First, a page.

Megan said...

Quick bit of advice from a lass from the North-East (although I'm pretty sure that this counts for anywhere in England to be fair) If you see a charv (I despise the word 'chav', and anyway, we invented 'charv'), run. They're not to be tampered with, especially in the north east. Terrible tempers, I'll give you that.

daisyfae said...

i like fake names... "Urinetown" has been made into a musical. "Hope Falls" was my favorite from Bat Boy, The Musical.

be well. write lots. think of all the new characters you can dream up...

Melissa said...

You did the right thing getting out of the broken dreams place, Bete. It's not healthy. Wishing you all the best in your current abode. Hey, at least you'll have plenty of fodder...

SugarCain said...

Ahhh. There you are.

Wisewebwoman said...

You had me at "Grandma".
XO
WWW

Mrs. Holly Hall said...

that post, with you and Keith and the old man porn. That is why I come here.

damn good writing there.

I miss it.

K said...

I hope your new start goes well, sounds like you did the healthy thing, moving on and moving out :)

AndrewM said...

Try to sort out a decent local.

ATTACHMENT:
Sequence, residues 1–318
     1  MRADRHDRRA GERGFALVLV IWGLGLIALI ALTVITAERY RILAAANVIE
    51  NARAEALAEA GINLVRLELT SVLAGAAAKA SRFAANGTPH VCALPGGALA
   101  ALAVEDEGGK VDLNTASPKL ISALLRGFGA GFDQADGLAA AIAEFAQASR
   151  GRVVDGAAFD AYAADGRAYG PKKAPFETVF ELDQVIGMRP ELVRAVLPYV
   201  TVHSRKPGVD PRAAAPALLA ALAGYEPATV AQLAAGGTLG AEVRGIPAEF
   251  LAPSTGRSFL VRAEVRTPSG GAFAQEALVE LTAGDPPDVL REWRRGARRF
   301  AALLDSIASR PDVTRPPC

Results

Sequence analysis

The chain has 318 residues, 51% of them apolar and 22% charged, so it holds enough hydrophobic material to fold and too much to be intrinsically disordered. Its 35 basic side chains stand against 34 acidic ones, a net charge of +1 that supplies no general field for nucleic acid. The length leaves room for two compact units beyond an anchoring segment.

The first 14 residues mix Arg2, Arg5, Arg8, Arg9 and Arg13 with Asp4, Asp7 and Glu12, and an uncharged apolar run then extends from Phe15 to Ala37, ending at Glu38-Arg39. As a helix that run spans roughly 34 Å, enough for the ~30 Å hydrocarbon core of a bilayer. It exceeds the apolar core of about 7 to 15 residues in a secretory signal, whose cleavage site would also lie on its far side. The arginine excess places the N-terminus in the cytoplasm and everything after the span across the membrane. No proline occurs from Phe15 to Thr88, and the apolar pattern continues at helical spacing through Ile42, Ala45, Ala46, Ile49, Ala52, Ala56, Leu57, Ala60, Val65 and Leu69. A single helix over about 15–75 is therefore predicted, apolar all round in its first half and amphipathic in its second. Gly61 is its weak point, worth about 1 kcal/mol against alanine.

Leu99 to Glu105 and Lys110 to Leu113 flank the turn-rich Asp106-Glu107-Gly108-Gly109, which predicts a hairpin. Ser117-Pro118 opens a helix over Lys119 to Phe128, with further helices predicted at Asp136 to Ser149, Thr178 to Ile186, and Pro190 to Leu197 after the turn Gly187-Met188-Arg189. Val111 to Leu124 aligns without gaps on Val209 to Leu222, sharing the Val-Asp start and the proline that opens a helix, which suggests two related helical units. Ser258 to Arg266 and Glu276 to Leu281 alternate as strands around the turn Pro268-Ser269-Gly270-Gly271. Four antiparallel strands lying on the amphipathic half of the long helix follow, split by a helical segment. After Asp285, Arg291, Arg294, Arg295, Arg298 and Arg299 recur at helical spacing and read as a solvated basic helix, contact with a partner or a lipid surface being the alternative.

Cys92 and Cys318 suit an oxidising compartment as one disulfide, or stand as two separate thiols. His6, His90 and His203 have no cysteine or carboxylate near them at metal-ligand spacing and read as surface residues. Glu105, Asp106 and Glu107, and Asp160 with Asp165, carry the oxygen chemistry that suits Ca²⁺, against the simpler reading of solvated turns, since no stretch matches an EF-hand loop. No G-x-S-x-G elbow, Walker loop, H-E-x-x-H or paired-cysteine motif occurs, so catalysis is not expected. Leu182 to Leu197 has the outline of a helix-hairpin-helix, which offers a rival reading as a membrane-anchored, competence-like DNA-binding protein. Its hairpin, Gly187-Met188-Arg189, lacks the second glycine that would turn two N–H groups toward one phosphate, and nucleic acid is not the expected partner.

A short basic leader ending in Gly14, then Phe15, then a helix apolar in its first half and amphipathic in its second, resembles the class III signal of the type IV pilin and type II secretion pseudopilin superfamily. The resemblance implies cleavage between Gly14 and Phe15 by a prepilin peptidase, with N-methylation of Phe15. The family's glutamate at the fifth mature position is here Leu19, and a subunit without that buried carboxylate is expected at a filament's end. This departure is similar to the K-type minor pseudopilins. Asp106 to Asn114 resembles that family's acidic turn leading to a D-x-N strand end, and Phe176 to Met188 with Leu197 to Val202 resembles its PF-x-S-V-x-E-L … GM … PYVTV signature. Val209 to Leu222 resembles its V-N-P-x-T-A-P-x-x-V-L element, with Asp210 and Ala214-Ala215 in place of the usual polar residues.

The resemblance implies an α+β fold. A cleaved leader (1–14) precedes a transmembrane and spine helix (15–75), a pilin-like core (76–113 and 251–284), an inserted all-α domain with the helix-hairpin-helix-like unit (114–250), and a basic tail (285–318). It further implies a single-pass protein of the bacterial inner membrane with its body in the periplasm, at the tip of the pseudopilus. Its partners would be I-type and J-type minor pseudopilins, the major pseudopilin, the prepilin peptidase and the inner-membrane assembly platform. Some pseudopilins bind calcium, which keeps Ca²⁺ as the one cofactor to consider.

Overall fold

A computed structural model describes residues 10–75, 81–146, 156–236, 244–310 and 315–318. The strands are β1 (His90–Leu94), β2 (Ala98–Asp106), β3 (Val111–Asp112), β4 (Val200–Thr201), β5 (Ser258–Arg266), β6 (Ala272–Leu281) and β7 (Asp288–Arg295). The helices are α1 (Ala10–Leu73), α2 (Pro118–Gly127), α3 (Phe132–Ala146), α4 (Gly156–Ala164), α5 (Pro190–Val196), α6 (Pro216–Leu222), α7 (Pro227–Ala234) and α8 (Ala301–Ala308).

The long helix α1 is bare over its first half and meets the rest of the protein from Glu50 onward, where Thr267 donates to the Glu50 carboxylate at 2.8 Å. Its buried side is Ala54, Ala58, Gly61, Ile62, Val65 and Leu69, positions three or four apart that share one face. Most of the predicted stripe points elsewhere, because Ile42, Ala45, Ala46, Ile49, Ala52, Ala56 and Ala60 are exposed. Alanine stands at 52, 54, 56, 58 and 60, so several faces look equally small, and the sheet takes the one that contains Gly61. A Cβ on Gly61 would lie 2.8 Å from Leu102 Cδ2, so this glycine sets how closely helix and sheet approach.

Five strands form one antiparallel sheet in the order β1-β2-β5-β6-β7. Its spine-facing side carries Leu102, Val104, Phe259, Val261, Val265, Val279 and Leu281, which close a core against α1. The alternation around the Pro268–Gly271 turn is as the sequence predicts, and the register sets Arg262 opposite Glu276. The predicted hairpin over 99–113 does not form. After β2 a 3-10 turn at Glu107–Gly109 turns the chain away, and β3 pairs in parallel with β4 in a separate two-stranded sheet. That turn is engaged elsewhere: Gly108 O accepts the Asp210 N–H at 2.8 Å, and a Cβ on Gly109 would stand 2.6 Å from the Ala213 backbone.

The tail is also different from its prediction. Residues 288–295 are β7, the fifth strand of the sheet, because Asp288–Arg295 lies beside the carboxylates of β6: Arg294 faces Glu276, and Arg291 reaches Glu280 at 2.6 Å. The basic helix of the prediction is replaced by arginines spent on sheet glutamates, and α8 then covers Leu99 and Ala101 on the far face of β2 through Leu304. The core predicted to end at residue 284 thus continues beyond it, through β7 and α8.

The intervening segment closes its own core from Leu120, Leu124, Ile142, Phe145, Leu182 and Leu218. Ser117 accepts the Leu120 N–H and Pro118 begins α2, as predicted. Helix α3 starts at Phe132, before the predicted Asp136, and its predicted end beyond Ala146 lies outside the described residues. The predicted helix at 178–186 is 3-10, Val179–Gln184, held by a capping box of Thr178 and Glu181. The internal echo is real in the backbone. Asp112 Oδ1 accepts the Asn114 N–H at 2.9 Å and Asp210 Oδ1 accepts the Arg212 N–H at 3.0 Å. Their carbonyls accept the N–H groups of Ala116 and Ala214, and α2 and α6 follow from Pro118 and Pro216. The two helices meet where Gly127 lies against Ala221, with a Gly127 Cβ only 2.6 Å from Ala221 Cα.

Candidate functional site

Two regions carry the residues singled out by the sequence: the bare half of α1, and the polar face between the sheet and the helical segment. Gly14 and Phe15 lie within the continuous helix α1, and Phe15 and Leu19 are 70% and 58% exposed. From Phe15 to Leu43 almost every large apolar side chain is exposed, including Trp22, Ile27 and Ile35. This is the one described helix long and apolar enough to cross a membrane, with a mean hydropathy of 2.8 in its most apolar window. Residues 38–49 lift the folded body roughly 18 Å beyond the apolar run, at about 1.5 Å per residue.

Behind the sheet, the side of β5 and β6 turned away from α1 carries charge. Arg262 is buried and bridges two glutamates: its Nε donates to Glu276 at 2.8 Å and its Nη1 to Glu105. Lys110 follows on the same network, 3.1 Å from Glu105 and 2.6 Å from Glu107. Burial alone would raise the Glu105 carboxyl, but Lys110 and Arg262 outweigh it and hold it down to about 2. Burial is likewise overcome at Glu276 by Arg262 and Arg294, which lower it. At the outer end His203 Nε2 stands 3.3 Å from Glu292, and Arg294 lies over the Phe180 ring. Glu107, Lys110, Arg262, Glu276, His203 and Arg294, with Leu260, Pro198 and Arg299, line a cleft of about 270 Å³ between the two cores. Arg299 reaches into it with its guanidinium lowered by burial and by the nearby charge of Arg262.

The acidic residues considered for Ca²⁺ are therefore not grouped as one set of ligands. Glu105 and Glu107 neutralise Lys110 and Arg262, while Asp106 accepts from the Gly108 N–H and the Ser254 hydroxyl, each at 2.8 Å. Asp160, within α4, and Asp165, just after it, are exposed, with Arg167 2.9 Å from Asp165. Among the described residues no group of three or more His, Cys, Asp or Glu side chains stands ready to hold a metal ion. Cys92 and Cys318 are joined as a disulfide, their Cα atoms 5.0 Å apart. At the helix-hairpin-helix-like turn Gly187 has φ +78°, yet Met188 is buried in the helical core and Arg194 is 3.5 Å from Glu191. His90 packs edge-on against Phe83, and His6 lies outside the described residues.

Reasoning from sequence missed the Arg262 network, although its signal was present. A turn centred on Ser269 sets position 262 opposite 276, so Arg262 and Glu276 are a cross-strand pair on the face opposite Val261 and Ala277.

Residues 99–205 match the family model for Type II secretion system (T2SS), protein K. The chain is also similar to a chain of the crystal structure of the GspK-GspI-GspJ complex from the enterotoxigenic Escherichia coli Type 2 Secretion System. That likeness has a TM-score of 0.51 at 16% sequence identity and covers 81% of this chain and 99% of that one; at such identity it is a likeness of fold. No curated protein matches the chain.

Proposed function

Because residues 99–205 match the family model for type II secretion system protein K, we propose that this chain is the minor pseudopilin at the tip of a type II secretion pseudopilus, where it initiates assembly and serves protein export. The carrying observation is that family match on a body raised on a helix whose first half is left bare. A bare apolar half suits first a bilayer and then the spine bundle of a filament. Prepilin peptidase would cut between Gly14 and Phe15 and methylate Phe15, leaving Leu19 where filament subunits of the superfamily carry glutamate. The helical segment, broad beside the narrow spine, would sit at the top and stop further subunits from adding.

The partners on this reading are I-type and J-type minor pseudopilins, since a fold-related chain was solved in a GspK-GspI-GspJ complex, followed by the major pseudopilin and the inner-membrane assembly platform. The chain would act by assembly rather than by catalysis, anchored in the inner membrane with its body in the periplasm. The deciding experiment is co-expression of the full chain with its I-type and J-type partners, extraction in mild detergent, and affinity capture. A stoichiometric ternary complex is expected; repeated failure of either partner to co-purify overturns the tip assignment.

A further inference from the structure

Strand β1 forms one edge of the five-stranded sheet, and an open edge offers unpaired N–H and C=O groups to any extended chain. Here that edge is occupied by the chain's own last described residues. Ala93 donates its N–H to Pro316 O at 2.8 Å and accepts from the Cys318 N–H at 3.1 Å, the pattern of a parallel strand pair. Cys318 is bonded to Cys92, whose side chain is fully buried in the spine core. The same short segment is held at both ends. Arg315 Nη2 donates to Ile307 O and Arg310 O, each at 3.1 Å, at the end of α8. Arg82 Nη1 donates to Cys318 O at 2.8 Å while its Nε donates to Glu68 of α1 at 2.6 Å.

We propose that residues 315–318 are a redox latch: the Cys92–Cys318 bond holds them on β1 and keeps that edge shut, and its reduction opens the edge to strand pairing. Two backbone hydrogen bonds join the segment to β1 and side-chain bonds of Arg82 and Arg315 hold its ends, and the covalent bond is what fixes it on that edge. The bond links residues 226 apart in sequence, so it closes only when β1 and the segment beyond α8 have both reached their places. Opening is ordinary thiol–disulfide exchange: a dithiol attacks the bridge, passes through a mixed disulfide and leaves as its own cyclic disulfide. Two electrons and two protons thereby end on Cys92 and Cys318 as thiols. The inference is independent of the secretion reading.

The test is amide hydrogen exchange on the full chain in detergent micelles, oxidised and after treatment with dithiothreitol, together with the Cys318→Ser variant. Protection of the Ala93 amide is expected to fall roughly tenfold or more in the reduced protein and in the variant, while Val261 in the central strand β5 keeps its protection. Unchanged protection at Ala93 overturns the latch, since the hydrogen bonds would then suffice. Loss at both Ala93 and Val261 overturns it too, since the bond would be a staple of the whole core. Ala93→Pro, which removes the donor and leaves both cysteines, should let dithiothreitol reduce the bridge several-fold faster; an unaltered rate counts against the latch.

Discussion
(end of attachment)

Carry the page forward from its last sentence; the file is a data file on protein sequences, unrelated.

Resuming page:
Beleaguered Squirrel said...

Wow, big changes!

Change is good. I am a big Change Advocate, being as how that's wot I'm currently doing in order to try and improve things.

Change is good, but change that has at its heart large doses of human contact, communication and altruism is even better. But don't forget to seek out other company besides Grandma.

Argh, am trying really hard not to quote lines from that awful 80s child-choir song about Grandma, which has now got stuck in my head.

confused said...

good luck up there! :-)

Anonymous said...

"Make a new plan, Stan", indeed. (And set yourself free)

Yes, isn't it just lovely that old people fall in love. And stay in love too. The couple who sold this house to me were in their early 80s and had lived here for 15 years. When I stripped the wallpaper in the bedroom, it revealed a huge (2ft) loveheart drawn on the wall, with their names written inside it. They must have been in their mid 60s when they drew that on their bedroom wall. (They married in their 20s, by the way).

Congratulations on finally getting the hell out of London. What took you so long?